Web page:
The Mancunion

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Column: Loutallica

Is this worst possible collaboration album in the history of mankind?

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Collaborations between bands have always been a bit of a dodgy area. Granted, the odd few seem to work, despite your conscience screaming that it’s wrong (see Aerosmith teaming up with Run-D.M.C. and smashing the original ‘Walk This Way’ to pieces),  but the vast majority just sound shit and ultimately are shit (see the endless stream of trash Fred Durst popped up on in the noughties.) But over the course of last summer, one such coming together was announced that greatly distressed me; Metallica and Lou Reed.

If you are sane, the first question you ask when you see this isn’t the usual, “Hmmm, I wonder what that will sound like?”, but rather “Who is this album being made for?” Are there vast numbers of Velvet Underground fans out there screaming for a bit more stadium metal behind Lou Reed’s voice? Are there Metallica fans who feel deprived having just one set of croaky vocals, a decade or two past their prime? Of course, there are neither; the only reason for these strange bedfellows to unite, lies in pure ego and self indulgence. Reed wants to seem more extreme than he now is and yet, his attempts ultimately likening him to a balding, middle-aged man who just bought a leather jacket and a motorbike. Metallica are also having their own little midlife crisis. Desperate to undo nearly thirty years of rebellious, beer swigging attitude and be seen as credible, they’ve decided to enlist one of the greatest vocalists in living memory, with the ironic side-effect of sapping the credibility out of all involved.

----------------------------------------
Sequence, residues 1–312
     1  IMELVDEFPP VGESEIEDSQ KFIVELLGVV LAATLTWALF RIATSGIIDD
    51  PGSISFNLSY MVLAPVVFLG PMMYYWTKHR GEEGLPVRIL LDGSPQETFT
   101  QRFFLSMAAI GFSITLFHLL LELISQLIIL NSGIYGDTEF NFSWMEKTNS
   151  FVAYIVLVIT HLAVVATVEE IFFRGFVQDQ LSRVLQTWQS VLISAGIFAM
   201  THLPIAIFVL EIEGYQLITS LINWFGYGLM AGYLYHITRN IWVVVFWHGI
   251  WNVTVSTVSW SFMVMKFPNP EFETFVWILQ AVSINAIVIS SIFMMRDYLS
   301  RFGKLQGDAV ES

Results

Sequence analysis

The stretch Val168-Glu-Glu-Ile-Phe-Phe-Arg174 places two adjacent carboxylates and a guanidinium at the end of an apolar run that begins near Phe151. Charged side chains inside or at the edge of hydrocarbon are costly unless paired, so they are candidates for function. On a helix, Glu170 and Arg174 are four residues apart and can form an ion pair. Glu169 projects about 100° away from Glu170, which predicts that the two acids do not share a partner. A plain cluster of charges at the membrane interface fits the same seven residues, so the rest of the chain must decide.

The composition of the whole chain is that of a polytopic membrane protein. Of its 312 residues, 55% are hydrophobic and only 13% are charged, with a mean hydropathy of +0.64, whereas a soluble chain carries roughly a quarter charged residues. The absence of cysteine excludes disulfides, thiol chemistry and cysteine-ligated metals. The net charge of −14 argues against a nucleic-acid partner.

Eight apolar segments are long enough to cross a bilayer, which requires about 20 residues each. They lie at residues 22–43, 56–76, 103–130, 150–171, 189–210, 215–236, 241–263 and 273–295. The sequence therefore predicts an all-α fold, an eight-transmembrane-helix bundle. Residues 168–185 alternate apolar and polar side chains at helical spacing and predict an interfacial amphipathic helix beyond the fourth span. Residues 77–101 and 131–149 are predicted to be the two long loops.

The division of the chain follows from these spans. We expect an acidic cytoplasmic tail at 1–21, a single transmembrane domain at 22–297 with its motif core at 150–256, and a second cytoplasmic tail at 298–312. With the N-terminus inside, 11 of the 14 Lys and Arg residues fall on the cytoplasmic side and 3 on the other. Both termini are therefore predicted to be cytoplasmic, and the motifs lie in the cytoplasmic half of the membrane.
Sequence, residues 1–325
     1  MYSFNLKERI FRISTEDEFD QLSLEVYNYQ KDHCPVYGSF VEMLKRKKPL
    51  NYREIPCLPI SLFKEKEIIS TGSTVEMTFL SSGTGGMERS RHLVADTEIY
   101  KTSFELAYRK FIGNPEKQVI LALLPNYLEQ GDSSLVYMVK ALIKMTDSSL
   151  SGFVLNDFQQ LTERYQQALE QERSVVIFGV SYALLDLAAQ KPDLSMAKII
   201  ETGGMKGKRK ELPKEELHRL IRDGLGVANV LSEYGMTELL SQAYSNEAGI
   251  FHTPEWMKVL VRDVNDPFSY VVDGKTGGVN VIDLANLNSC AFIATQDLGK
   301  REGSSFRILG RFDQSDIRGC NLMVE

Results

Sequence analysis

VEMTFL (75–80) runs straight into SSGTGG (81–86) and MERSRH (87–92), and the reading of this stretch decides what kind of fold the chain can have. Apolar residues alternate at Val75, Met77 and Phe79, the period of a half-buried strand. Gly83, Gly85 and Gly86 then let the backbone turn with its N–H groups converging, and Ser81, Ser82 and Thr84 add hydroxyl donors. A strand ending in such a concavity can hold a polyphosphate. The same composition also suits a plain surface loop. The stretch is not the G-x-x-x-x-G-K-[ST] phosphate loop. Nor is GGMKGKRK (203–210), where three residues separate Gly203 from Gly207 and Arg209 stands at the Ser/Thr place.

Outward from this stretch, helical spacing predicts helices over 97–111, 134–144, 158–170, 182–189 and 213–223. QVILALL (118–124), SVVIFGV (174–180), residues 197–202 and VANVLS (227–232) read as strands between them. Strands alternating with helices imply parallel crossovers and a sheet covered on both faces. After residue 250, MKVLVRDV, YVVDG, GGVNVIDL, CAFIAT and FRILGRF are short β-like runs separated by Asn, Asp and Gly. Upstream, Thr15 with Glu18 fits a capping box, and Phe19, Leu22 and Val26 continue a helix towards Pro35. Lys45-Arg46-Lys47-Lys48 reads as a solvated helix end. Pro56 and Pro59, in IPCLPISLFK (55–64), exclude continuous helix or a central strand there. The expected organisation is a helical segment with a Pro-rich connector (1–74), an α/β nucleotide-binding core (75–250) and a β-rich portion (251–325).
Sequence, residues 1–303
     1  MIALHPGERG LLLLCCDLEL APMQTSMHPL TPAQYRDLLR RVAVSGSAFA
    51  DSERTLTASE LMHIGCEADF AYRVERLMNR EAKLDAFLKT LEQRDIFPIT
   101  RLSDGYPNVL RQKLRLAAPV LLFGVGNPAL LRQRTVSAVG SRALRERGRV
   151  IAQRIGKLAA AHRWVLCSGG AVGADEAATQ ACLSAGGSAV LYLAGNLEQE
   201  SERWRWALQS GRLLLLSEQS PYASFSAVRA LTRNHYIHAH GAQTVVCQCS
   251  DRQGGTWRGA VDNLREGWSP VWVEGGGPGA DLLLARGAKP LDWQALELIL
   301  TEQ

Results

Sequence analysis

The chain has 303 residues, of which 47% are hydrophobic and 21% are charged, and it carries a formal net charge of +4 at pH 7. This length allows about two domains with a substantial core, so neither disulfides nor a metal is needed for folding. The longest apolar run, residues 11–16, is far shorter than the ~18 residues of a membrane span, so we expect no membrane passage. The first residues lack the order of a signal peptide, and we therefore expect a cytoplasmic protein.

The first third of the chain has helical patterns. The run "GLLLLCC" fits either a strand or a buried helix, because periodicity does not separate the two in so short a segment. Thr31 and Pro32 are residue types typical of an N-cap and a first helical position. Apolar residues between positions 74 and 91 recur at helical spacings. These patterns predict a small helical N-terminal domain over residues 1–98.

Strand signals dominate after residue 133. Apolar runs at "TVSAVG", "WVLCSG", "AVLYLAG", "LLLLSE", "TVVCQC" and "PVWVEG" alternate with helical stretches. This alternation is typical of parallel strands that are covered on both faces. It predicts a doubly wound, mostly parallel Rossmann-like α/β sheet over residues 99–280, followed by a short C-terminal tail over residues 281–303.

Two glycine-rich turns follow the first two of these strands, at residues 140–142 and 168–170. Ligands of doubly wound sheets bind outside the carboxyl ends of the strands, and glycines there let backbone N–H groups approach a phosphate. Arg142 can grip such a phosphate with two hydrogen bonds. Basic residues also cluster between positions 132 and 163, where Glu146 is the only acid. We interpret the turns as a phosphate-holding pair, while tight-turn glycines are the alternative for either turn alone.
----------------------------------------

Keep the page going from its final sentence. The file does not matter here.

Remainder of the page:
Let me be honest with you now. Every judgement I made on this car crash of an album, I made before seeing any details, hearing any songs, reading any interviews or observing the artwork, but in turn, nothing I’ve seen in the slow reveal since has changed my mind at all. In fact, every time I hear a new detail about the album or hear an extended sample, I do so getting steadily more depressed about the impending result. The most distressing detail about the whole album is the concept; yes, it’s a concept album by the way. The album is called Lulu, and charts the story of a dancer and her relationships. If that didn’t interest you enough, it also involves Jack the Ripper. If that still didn’t interest you, it’s worth noting that, ultimately, this is the score for a failed reworking of century old German plays Earth Spirit and Pandora’s Box. Whilst this is the exact quirky territory you may expect Reed to cover, I really wonder what Metallica were thinking.

When they and Reed played together at their induction to the Rock and Roll Hall of Fame, did they really see this as the logical next step? If so, why? Surely inspiration cannot be so dried up that, not only must they recruit an outsider, they do so bringing no ideas and perhaps more importantly not shooting down ridiculous ones Reed gives them. ‘The View’, a number in which Reed talks over plodding riffs, was released to near universal groans, seemingly proving every sceptical comment thrown Lulu’s way to be correct; which brings this rant to the point I wanted to make. Sometimes it is just better to focus on what your fans want. Now, I’m not saying that Reed or Metallica should pander to the masses and put out what they feel is a terrible album, but surely, they want to keep in the favour of long term supporters. By putting out Lulu, not only have they put out a potential flop, but they’ve also pissed in the face of fans waiting patiently for a real new album and that shows just how out of touch with their audiences both are. Collaborating with somebody your fans probably don’t like, on an album they didn’t ask for, in turn delaying the album they want.